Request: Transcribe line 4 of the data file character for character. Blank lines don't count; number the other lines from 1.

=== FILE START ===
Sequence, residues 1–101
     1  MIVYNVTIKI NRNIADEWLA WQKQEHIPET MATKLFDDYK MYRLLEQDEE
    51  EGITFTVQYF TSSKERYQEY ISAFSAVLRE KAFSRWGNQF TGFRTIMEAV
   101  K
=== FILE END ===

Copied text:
   101  K